Here’s Why Your Business Is Failing at Scaling Up

Published: March 5, 2018
Vern Harnish, author of Scaling Up, at NSCA's 2018 Business & Leadership Conference.

The 400 attendees at NSCA’s 2018 Business & Leadership Conference likely have one thing in common: They’d like to scale up their AV business models. However, Scaling Up author Verne Harnish laid out several reasons why they’re not likely to do so – without shifting from some ingrained business practices.

[related]Few AV integration firms are content to sit back.

Whether NSCA BLC 2018 attendees represent an integration firm looking to create scale to better compete with the industry’s much-higher-revenue companies at the top of the market or they’re at one of those “big three” firms recognizing opportunities for more growth, they’re looking to take business to the next level.

Harnish, however, whose body of work is all about helping companies strategize for growth, highlighted many obstacles to scaling up that are all-too-familiar for AV integration professionals.

Focus More on Pricing, Less on Cost

If NSCA BLC 2018 attendees take one thing away from his keynote, Verne Harnish told me, it’s that they need to spend more time on the pricing side than the cost side. “I don’t want to ignore the cost side but we’ll spend 80 percent of our effort working on the supply chain side and lick our finger and put it to the wind when it comes to setting price.”

“I don’t want to ignore the cost side but we’ll spend 80 percent of our effort working on the supply chain side and lick our finger and put it to the wind when it comes to setting price,” Harnish said.

This is an example of an engrained business habit that, if integrators want to scale, needs to be broken, he said.

“Every dollar you can add to price if you’re running at 10 percent profitability means you’ve got to generate $10 in revenue to make up for that. That’s why there’s such unbelievable leverage on the pricing side.”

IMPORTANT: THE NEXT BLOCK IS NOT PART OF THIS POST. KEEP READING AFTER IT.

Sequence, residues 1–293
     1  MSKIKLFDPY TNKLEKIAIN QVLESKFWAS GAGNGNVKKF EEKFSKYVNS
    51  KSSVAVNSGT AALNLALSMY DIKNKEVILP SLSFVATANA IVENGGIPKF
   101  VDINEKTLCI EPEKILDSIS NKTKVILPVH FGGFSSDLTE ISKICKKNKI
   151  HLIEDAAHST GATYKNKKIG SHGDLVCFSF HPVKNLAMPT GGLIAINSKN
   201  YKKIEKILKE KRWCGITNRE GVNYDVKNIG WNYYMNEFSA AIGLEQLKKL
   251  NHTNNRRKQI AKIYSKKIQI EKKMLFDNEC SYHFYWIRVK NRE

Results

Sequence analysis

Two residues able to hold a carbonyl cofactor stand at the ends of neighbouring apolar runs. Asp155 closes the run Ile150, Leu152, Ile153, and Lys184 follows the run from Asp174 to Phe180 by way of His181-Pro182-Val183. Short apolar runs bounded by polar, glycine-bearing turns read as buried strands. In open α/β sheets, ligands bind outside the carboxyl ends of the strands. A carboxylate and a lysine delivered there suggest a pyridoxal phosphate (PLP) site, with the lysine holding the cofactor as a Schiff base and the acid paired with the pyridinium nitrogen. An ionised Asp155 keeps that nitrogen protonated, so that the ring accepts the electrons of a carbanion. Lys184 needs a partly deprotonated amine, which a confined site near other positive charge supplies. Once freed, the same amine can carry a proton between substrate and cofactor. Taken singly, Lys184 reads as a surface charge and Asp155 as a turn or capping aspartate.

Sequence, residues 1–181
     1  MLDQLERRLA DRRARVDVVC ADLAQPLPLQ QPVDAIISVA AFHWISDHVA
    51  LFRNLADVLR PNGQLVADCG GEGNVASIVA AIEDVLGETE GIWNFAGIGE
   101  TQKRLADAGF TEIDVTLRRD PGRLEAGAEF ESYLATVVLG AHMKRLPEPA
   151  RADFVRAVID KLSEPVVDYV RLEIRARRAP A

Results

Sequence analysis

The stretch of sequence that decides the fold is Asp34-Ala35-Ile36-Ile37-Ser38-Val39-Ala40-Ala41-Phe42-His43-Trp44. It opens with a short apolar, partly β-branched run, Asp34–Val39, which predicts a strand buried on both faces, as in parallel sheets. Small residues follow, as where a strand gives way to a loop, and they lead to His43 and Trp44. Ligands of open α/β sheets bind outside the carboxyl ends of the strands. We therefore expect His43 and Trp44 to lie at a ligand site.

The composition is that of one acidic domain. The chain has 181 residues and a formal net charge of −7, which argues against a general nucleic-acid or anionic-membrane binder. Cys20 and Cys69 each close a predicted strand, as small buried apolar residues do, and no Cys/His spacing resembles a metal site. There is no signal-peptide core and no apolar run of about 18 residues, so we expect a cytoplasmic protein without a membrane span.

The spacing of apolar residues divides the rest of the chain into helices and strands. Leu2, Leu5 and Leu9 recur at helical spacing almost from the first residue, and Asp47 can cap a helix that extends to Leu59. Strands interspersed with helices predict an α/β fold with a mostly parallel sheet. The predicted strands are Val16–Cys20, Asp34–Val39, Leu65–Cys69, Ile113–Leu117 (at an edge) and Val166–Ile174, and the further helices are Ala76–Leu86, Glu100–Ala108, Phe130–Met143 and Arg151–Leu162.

The reason integrators (and all businesses, really) get it wrong is that “we don’t sell to companies; we sell to people,” he added. Human beings aren’t logical so “you can’t use logic to set price.”

Separate Sales from Marketing

One of the popular titles among AV professionals is either vice president of or director of sales and marketing. However, human beings like that – experts on both sales and marketing – don’t exist, Harnish said (maybe joking a little bit).

He heavily emphasized the importance of marketing. “The reality is that the function that’s absolutely critical if you want to scale is marketing.” He suggested that companies should have a weekly marketing meeting that is separate from any sales meeting.

Prioritize Processes

A big obstacle to scaling up, Harnish said, are poor AV business processes.

He advised NSCA BLC 2018 attendees to take a good look at their processes if they’re serious about scaling up. He promoted a “process accountability chart” in which companies should identify four to nine processes that they believe drive their business, who’s accountable for each one and indicate how they’ll know if it’s running well.

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Make Revenue per Employee a Vital KPI

Verne Harnish spent a lot of time talking about revenue per employee. He talked about companies that have managed to set themselves apart from the pack such as Google and Starbucks, noting that their revenue per employee is significantly higher than that of “mere mortals.”

Revenue per employee, he added, “is a critical KPI that all AV business leaders need to focus on if they want to scale.”

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